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Review article

Psycho-rheumatic Integration in Systemic Lupus Erythematosus: An Insight into Antibodies Causing Neuropsychiatric Changes


The main purpose of this paper is to bring together all the antibodies and markers related to neurological and psychiatric manifestations in systemic lupus erythematosus and also the pharmacology that could help treat these symptoms. Existing research data regarding specific antibodies involved in the disease process and drugs that were being studied was collected and analyzed. After reviewing the studies published by various authors, symptoms were shown to be mainly caused by antibodies against N-methyl-D-aspartate receptor (NMDAR) antibodies, anti-endothelial, anti-ribosomal P, antiphospholipid antibodies, cytokines like interferons and chemokines. The monoclonal antibody rituximab has shown to be beneficial in some of the cases. Based on all the articles reviewed, the antibodies and cytokines showed the most effective evidence in causing the different manifestations of neuropsychiatric systemic lupus erythematosus (NPSLE), but studies regarding the drugs being effective against all the symptoms are inconclusive as there are very few studies. Further research to support the drug’s effectiveness in managing the symptoms is needed. More studies are needed regarding early diagnosis of NPSLE using the antibodies as biomarkers as it could help in preventing these manifestations.

Introduction & Background

A 42-year-old woman with a 12-year history of seizures and cognitive dysfunction presented with episodes of confusion and psychosis. History was obtained, clinical investigations were done, and it was revealed that she has systemic lupus erythematosus (SLE). Previously, she had mucositis, malar rash, and sunburn; her antinuclear, anti-SM (anti-Smith antibody), and anti-Ro (anti-Sjögren's-syndrome antigen) antibodies were positive. Her erythrocyte sedimentation rate was elevated. The cognitive decline, seizures, and psychosis along with the characteristic symptoms suggest SLE with neuropsychiatric manifestations, and it should be considered in the differential for patients presenting with these features [1].

Systemic lupus erythematosus (SLE) is an autoimmune disease that mainly affects women, typically during the reproductive years. It consists of high titers of autoantibodies in the serum and in numerous end organs leading to various pathologies. It has been found that 25%-75% of patients with SLE report multiple neurological symptoms that are due to the involvement of some parts of the brain and nervous system [2]. Table 1 illustrates a total of 19 syndromes that are associated with NPSLE and are classified by the American College of Rheumatology (ACR) [3].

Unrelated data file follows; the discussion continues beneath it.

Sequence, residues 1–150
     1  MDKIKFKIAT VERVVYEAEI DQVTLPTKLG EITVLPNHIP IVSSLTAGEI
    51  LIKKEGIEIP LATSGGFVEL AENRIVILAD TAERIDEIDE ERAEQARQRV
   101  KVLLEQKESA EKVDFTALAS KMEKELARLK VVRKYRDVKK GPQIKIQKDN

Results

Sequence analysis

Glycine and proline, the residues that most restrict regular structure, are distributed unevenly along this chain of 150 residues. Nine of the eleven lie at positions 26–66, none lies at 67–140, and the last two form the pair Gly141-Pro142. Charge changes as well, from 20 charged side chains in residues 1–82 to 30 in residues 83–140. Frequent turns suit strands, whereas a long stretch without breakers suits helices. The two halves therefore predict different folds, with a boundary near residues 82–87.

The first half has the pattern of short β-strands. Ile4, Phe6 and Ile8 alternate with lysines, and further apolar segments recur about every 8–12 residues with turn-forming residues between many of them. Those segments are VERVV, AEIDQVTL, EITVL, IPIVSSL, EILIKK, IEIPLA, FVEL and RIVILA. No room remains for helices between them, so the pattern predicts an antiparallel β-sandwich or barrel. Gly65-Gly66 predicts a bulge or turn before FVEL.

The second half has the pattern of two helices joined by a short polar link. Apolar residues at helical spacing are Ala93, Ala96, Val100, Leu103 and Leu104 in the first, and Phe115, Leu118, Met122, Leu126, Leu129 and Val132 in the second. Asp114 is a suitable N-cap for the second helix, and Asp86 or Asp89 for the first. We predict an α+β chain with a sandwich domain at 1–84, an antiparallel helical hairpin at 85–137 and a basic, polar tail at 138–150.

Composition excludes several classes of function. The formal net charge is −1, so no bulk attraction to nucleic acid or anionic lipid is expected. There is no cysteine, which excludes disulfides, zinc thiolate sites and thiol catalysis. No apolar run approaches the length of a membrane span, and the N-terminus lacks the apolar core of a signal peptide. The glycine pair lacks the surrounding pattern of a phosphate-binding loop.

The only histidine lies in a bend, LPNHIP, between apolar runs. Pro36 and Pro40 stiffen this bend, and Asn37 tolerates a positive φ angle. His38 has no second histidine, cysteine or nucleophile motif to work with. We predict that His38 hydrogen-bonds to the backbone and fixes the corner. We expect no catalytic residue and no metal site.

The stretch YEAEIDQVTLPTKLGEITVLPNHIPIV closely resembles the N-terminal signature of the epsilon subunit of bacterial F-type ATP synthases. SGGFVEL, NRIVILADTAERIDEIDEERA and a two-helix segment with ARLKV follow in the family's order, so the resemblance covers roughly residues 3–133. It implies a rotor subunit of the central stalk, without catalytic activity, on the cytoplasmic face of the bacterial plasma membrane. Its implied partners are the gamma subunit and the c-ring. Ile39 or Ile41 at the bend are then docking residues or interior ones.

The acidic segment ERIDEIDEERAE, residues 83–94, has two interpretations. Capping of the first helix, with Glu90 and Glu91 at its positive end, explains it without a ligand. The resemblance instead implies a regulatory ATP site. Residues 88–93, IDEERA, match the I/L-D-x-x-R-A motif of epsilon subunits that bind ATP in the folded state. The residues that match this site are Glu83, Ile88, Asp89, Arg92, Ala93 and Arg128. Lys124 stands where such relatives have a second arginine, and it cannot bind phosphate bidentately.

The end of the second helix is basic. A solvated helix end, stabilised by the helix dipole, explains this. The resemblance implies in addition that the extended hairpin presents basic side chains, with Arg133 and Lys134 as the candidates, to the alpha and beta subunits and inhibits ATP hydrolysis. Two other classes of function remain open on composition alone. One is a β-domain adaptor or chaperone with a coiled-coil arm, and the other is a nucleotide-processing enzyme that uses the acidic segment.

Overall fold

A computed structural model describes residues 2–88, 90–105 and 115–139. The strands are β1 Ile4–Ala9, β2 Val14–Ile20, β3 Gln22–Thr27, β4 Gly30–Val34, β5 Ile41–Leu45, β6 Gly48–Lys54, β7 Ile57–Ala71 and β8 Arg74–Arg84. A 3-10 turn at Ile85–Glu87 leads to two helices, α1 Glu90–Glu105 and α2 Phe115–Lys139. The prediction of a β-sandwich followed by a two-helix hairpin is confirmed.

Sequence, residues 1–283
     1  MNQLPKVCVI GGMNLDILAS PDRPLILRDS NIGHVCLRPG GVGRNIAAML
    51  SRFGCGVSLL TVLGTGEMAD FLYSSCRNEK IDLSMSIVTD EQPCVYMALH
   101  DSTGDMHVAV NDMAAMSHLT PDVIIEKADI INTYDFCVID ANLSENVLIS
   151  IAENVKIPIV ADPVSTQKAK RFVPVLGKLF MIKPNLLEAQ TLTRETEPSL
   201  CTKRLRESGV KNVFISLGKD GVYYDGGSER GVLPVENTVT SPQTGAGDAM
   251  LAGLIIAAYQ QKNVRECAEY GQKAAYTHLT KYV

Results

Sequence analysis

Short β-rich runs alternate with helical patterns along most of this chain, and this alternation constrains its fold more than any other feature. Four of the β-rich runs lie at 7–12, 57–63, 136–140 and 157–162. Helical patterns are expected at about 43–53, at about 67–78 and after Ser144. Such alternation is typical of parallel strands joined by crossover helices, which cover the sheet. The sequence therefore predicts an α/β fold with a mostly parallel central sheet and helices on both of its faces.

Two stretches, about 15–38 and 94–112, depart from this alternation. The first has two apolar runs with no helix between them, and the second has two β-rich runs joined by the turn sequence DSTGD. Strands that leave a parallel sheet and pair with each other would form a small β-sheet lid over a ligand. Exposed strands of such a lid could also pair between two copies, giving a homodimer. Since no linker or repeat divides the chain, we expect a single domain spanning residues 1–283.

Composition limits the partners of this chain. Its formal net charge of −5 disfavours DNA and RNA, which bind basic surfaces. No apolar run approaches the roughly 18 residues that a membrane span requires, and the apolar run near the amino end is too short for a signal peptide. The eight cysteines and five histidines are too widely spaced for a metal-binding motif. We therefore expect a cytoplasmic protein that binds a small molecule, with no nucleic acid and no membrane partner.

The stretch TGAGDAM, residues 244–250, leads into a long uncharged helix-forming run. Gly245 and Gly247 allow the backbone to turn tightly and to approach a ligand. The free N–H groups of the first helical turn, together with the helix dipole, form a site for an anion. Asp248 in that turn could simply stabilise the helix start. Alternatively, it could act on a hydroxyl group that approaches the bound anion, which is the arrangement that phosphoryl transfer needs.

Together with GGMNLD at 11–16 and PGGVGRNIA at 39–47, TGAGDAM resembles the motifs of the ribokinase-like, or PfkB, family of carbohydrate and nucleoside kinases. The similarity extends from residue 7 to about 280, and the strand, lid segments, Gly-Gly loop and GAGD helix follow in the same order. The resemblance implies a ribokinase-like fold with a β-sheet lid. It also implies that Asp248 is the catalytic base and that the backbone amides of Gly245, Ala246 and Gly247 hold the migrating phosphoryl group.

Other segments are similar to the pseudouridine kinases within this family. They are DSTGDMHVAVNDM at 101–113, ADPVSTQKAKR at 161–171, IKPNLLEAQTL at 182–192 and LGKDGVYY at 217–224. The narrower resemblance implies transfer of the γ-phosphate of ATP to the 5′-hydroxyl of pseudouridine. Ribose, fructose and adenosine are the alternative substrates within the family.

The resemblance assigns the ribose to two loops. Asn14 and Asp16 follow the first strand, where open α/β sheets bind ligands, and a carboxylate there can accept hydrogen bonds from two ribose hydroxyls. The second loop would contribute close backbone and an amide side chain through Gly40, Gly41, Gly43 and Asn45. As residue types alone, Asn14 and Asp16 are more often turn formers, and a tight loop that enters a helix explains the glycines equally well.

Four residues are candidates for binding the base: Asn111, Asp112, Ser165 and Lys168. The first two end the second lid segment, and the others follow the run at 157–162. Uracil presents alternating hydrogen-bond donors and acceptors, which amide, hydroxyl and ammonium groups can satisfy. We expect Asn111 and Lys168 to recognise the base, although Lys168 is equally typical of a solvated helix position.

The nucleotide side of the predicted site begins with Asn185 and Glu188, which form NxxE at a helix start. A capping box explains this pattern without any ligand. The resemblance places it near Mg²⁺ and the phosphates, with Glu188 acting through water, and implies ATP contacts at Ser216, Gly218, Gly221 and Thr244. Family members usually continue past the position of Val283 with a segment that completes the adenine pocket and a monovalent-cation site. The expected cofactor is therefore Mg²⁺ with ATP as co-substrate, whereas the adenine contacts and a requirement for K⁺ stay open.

The neuronal changes are thought to be due to autoantibodies reactive against receptors present in the brain and against several membrane proteins. The involvement of interferons and cytokines has also been suggested. The autoantibodies binding N-methyl-D-aspartate receptor (NMDAR) are being studied in this review. Some of the antibodies involved are given below in Table 2.

Peripheral Nervous System Central Nervous System
Cranial neuropathy Seizure disorder
Mononeuropathy Cerebrovascular disease
Polyneuropathy Aseptic meningitis
Plexopathy Confusion
Autonomic neuropathy Cognitive dysfunction
Gullian Barre syndrome Anxiety
Myasthenia gravis Headache
  Demyelinating syndrome
  Mood disorder
  Movement disorder
Anti-phospholipid antibody
Anti-ribosomal P antibody
Anti-NMDAR antibody
Anti-nuclear antibody
Anti-Smith antibody
Anti-Ro antibody
Anti-neuronal antibody

Seizures, strokes, and other central nervous system (CNS) symptoms in SLE are associated with antiphospholipid antibodies, anti-ribosomal P antibodies, and anti-N-methyl-D-aspartate (NMDA) receptor antibodies and anti-endothelial cell antibodies. CNS plasticity and synapse conduction are maintained by NMDA receptors, which are ligand-gated ion channels that are required for neuronal function, memory, and cognition. Studies have shown that 40% of SLE patients possess titers of anti-NMDA receptor antibody against NR2A/NR2B subunits of NMDAR in the serum and they are the reason for the cognitive decline. The cerebrospinal fluid (CSF) of half the patients suffering from neuropsychiatric SLE are shown to be containing these antibodies. Entry of these antibodies into the brain is dependent on the blood-brain barrier. NMDA receptor activation is seen in many brain disorders like stroke, seizure, and schizophrenia [4-9]. However, the exact mechanism of the elevation and the relevance of these antibodies in NPSLE is not clearly understood [10]. Therefore, we are conducting this analysis to better understand the correlation between anti-NMDA receptor antibodies and neuropsychiatric changes in SLE and to know whether they can be used to assess the risk of developing NPSLE or as diagnostic markers and also to know their association with the disease severity and prognosis.
Also, the usage of rituximab in the disease has been under discussion for a very long time, so an emphasis is laid on its effectiveness.